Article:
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ESL One's Dota 2 Minor hits high notes despite Facebook fail

The $400,000 tournament held in Genting, Malaysia, saw a full house and epic battles for the top spot despite a live-streaming snag.

Aloysius Low/CNET

It was a rematch fans of the Dota 2 competitive scene had been waiting for.

The grand finals of the ESL One Genting 2018, a $400,000 (about £280,000 or AU$495,000) prize pool event held in Malaysia, saw China's Newbee take on Team Liquid over the past weekend. The epic best of five finally ended in a 3-2 victory for Newbee.

The win was a vindication of sorts for Newbee, who had previously come second to crowd favorite Team Liquid. Liquid are the champions of 2017's The International, the annual crowd-funded $20 million (and beyond) prize pool event organized by Dota 2 developer Valve.

Interest in competitive esports has been growing steadily, with tournaments estimated to drive revenues of $1.5 billion by 2020. Valve's Dota 2 often leads the pack in prize pools, though other games such as Riot's League of Legends are more popular and Blizzard's new Overwatch League has garnered plenty of interest on its own.

Tournament organizer ESL has tried to to tap into that hype by securing sponsors such as Mercedes that aren't usually known for their involvement with the gaming scene. 

Besides running ads for its cars during the tournament, Mercedes provided vehicles to chauffeur players to and from the venue from hotels. It's also offered prizes to winners of previous tournaments: The MVP (most valuable player) at ESL One Hamburg won a brand new car.

"There are a typical sponsor: They pay money for their sponsorship, and they also activate with us beyond that," said Ulrich Schulze, senior vice president of product at ESL, in an interview with CNET.

"They see the audience and I don't think the audience is as young -- they do have quite a lot of consumption power, and the average age of mid twenties is not as young as most people would think." 

The Mercedes partnership could see other lifestyle brands entering the scene, and ESL is more than ready to help its new partners figure out how to best approach gamers. A tailored ad for the venue that targeted gamers has already drawn praise on Reddit.

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While the attendance at the remote hill resort 57,000 feet above sea level was impressive and the 6,000 venue was filled to capacity during the grand final, the entire had one major snag. ESL had chosen to stream the event on Facebook instead of Twitch, the usual platform for esports streams.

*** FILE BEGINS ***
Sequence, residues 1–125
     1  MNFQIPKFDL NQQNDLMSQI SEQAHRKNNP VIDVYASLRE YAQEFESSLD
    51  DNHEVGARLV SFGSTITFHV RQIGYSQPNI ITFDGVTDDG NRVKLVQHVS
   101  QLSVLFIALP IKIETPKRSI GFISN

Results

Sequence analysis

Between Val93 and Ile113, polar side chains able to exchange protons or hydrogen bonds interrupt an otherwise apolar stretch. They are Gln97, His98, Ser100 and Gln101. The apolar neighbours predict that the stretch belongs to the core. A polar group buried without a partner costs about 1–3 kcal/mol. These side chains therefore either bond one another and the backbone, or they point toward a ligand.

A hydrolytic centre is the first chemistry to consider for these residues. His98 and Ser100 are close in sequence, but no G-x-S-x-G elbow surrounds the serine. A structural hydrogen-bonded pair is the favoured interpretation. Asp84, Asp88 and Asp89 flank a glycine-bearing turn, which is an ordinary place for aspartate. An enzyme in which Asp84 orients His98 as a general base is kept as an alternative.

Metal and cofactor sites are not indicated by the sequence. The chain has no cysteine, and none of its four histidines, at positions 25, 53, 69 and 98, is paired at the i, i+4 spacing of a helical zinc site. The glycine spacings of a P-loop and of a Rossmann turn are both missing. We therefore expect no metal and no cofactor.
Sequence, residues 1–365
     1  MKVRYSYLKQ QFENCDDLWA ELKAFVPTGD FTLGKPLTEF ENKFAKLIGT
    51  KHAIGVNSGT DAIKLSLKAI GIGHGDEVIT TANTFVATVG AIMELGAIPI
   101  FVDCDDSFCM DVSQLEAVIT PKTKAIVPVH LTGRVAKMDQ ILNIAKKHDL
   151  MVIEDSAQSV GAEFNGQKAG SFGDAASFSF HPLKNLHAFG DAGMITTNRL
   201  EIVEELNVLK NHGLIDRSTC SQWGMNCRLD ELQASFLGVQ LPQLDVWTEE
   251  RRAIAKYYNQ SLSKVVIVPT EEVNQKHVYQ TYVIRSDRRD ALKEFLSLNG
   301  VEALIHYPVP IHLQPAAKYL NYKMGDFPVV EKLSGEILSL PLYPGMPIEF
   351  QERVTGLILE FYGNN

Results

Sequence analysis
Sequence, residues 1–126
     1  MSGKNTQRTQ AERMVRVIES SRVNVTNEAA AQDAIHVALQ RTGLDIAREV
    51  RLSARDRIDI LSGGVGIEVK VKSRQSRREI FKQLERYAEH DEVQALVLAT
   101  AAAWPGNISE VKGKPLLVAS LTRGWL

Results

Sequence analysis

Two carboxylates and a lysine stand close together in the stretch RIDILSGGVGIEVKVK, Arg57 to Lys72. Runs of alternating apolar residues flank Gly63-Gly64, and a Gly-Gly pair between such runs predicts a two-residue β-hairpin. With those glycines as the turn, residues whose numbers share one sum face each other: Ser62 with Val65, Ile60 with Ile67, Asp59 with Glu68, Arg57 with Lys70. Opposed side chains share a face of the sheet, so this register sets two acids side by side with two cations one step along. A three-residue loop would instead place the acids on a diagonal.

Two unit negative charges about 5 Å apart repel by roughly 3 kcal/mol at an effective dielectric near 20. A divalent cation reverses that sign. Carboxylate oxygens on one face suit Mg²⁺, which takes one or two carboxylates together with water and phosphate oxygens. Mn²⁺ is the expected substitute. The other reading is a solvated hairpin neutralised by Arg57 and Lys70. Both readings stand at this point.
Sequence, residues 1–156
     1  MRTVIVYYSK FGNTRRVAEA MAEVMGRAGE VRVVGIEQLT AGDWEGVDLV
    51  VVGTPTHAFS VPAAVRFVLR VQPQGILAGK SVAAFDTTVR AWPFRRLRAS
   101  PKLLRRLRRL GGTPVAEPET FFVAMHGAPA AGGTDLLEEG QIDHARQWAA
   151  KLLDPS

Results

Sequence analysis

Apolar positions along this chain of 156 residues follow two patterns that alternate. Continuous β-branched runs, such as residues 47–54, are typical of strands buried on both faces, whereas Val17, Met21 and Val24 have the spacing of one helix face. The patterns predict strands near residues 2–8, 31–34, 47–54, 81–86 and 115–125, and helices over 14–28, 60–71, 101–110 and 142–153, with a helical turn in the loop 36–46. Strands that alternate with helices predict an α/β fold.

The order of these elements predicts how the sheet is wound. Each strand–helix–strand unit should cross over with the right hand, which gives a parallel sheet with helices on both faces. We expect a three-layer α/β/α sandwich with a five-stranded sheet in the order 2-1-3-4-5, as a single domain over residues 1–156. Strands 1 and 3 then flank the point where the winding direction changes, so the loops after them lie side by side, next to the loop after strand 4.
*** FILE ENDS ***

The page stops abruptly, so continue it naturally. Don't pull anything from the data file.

The company has signed an exclusive broadcast rights deal with the social media giant to stream its games on Facebook until 2019. The move didn't go down well with Dota 2 fans, especially on the Dota 2 subreddit, the biggest community for the game.

It didn't help that the company issued DMCA notices to community streamers who broadcast the tournament themselves on Twitch without using material from ESL's broadcasts. These streamers had followed Valve's rules, which allow anyone to broadcast footage from DotaTV, but were still banned as Twitch had to comply with the DMCA requests.

With backlash growing, ESL attempted to appeal to the community with an AMA that wasn't well received by fans. Fans also complained that the Facebook stream was lagging and the lack of a clipping feature meant they couldn't share the best gameplay moments. Valve finally responded to the outcry with a statement, stating clearly that only it could issue DMCA notices.

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Despite the online backlash, on-site attendance was high thanks to players such as local Malaysian hero Chai "Mushi" Yee Fung turning up to hold fan signings. 

Aloysius Low/CNET

This more or less put the issue to rest, with community streams started popping up on Twitch, both in protest and as an alternative for the Facebook haters. Even as ESL's Facebook stream seemed to resolve some of its earlier issues, its viewer count peaked at just 50,000, a far cry from what it could have gotten on Twitch. It remains to be seen if this move will pay off, but ESL seems to think it will.

"The intial stage wasn't how it should have been and that obviously impacted how people thought about it," said Schulze. "I think what we need to do is work on everyone's feedback and make sure people don't have an experience than what they have before."

Schulze added that the company sees a lot of long term potential in Facebook, especially with two billion users worldwide, especially with the ability to connect to existing Facebook pages of teams and players as well.

If anything, ESL has plenty of tournaments ahead to figure it out. And if Facebook can implement similar features to Twitch, we could see a war of streams in the near future as Facebook takes on the Amazon-owned streaming platform.

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